Alliance Aviation Services says it is encouraged by signs of a pickup in mining-related flying after reporting a near doubling of first half profit as its efforts to diversify the business start to pay off.
The charter and fly-in/fly-out operator posted net profit after tax of $8.7 million for the six months to December 31 2016, up 77.5 per cent from $4.9 million in the prior corresponding period.
Revenue grew 10 per cent to $100.53 million, Alliance said in a regulatory filing to the Australian Securities Exchange (ASX) on Thursday.
Alliance managing director Scott McMillan said he was pleased with the first half results.
“It demonstrates the positive impact the diversified revenue will have on future shareholder returns,” McMillan said in a statement.
Alliance was in the midst of a transition into a “broad based aviation business” that encompassed tourism, aircraft sales, wet and dry leasing and spare parts sales, as well as its traditional income from long-term contract flying in the mining and resources sector.
To that end, Alliance has purchased 21 Fokker aircraft from Austrian Airlines to build up its inventory of spares for the out-of-production aircraft, secured more non-mining work such as a four-year contract to operate aircraft in Australia and New Zealand for US-based tour operator Tauck and reduced costs through the outsourcing of heavy maintenance work to Europe.
The company has also applied to the competition regulator for approval to form charter partnership with Virgin Australia Regional Airlines (VARA). However, the Australian Competition and Consumer Commission (ACCC) in December issued a draft determination proposing to reject the application.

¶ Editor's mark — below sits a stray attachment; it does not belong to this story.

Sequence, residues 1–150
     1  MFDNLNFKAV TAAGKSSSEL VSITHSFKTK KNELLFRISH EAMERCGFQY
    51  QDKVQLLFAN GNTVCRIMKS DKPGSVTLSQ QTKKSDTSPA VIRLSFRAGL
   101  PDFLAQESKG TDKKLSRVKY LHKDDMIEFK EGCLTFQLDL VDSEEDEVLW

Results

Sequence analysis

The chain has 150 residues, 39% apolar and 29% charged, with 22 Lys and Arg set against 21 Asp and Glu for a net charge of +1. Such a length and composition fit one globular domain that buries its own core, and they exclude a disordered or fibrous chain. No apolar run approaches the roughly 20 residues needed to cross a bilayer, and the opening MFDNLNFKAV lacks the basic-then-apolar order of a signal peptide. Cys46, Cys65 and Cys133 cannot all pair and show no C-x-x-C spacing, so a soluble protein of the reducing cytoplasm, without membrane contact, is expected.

In response, VARA and Alliance Airlines have told the ACCC they were willing to have the competition regulator monitor their charter operations in an effort to secure approval for a proposed partnership, which if approved would allow Virgin and Alliance to work together on joint tendering for corporate FIFO contracts.
In terms of current market conditions, Alliance said there was a pickup in contract flying hours in the second quarter of 2016/17, after a dip in the first quarter of the current financial year.
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Flight hours for contracted/charter operations fell to 10,392 hours in the first half, 1,000 hours lower than in the prior corresponding period.
However, the decline was offset by growth in wet lease flight hours, which more than tripled to 1,702 hours in the first half, from 472 hours in the prior year.
“The resources sector is demonstrating signs of a recovery which will benefit Alliance,” the company said.
“There is positive sentiment in this industry with a number of customers talking about reinstating additional services.
“Wet lease income continues to improve and the aviation service business will develop further during the second half with new opportunities.”
No dividend was declared.
“The directors have resolved that no interim dividend will be paid as the business continues with debt reduction and to invest in future growth,” Alliance said.
“The payment of a year-end dividend will be considered towards the end of the financial year.”
On Wednesday, Alliance said it has secured a three-year contract extension with Newcrest covering the gold miner’s Telfer operations in Western Australia. The Newcrest renewal followed another contact extension for CITIC Pacific Mine secured in December 2016.
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